Design studio OK-RM have recently completed the branding for the Strelka Institute, a major cultural organisation in Moscow. We talked to OK-RM‘s Rory McGrath about the project
The Strelka Institute for media, architecture and design is a non-profit organisation aimed at generating discussion, ideas and projects in the creative and cultural industries. As a venue, it houses lecture halls and studios providing post-graduate tuition in architecture and the social sciences. It also hosts lectures, conferences and film screenings and has a publishing programme, overseen by The Guardian’s Justin McGuirk.
CR: How did you first come to be involved with the Strelka institute?
Justin McGuirk (Director of Strelka Press) introduced us to Ilya Oskolkov-Tsentsiper (Director of Strelka Institute and head of Winter – a London and Moscow-based consultancy dedicated to helping Russian businesses to produce world-leading marketing and design work). Shortly after our first meeting Ilya asked us to undertake the re-brand of the institute based on an unsuccessful and interim first attempt when it opened in 2008.
CR: What were the main design challenges in creating an identity for what is an organisation that has such wide-ranging and ambitious aims?
The task was to provide a platform which would enable Strelka to communicate its activities more effectively to both local and international audiences. A key consideration was to portray a democratic relationship and explicit connection between the institute and the ideas, events and people that shape it.
The main challenges were to develop an identity which would be robust enough to accommodate the coexistence of the institutes multitude of activities, and open-ended enough to portray an institute which is constantly redefining itself.
CR: The identity system is based on a grid, Can you explain the idea of the grid and how it works in practice?
Conceptually the grid acts as a metaphor for Strelka’s activities and it’s continued questioning of and investigation into the development of Public Space in Moscow. The grid represents this space, and the varied use of the grid expresses the activities which happen within it.
As a working system the grid acts as concrete structure which can accommodate multiple forms of content and thought processes. It allows for the economical, consistent and recognisable maintenance of materials across different mediums – from printed in-house templates to website to architectural scale signage to one-off designs.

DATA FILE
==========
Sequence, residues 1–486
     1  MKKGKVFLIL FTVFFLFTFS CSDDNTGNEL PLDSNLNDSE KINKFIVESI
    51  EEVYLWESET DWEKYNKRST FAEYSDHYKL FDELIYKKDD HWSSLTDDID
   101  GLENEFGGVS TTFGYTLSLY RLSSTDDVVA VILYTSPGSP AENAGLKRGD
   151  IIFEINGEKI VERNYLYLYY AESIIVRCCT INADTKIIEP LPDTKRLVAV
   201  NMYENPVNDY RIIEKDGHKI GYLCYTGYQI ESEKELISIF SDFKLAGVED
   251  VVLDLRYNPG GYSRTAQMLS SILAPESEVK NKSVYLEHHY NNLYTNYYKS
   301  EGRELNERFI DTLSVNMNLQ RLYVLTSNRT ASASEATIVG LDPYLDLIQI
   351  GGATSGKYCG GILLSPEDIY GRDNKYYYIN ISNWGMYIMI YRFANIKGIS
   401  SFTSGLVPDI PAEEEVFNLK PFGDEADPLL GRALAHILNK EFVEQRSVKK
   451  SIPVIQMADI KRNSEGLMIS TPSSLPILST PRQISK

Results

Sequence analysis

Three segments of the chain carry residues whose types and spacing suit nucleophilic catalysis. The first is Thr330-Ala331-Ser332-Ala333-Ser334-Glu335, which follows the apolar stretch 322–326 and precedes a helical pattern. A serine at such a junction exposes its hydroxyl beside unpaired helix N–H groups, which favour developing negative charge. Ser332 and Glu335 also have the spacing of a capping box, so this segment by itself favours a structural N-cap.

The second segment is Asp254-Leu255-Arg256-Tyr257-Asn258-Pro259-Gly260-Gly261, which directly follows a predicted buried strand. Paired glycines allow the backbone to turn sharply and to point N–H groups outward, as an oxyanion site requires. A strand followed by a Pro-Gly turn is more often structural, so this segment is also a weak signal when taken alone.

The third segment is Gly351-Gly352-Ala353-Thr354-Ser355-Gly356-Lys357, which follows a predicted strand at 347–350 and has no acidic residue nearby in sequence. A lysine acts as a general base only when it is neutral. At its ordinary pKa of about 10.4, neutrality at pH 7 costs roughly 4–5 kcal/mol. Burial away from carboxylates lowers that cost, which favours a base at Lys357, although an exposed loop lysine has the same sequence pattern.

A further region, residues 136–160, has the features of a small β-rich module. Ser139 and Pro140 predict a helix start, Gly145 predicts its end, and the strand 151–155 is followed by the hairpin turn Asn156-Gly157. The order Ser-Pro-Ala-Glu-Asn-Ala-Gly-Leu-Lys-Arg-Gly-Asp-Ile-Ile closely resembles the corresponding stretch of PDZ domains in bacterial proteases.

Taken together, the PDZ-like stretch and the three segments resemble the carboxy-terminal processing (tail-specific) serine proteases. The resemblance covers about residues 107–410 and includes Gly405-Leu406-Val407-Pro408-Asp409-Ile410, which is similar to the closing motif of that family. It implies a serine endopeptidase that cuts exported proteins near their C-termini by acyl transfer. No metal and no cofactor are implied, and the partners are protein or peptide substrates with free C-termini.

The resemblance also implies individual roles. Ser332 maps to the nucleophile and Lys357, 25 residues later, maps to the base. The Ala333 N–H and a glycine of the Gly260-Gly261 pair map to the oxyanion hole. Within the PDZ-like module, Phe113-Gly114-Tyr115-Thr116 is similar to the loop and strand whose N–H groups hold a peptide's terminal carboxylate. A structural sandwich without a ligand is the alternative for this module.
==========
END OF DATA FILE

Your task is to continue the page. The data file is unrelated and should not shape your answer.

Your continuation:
CR: How did you address the need to work in two languages typographically?
Given that a key requirement of the brief was to communicate an Institute with an international outlook, we decided to bring the dual language aspect to the forefront, making it a key player in the fabric of the identity. Translation becomes an integral part on every level from the logotype through to the body copy.
Formally, Latin and Cyrillc alphabets have very different characteristics, one of the key differences is the use of small caps vs. lowercase. We made the decision to use only capital letters for display typography which helped to visually unify the cyrillic and Latin letters. The two languages are divided by use of the grid, which provides a solid structure for the management of multiple levels of content.
The principal typeface of Strelka is ‘Fugue’ (designed by Radim Peško) it is used on the majority of communications and also for the logotype and core institutional information. Alongside we made a point of acknowledging classic Cyrilic typography. We envisage a carefully controlled palette of important Cyrillic fonts – the first is Lazurski (designed by Vadim Yefimov Lazurski).
CR: No images are used in the scheme – why was this decision taken?
It was firstly important to communicate the ideas, ambitions and questions raised by the institute; the abstract nature of these ideas are more clearly articulated typographically. Within the broader programme of visual communication the brand system feasibly supports any content and the ambition is definitely to inject image based content at a later stage.
CR: Can you talk us through the Strelka Press book covers and the system used for the graphic devices?
We see these as illustrations – interpreting the ideas raised by the authors we use a limited palette of elementary shapes and marks drawn from the Strelka grid. The process is wholly intuitive yet precise in scope. The aim is to create a distinctive series in the lineage of the classic paperback covers for a publisher with a digital agenda.
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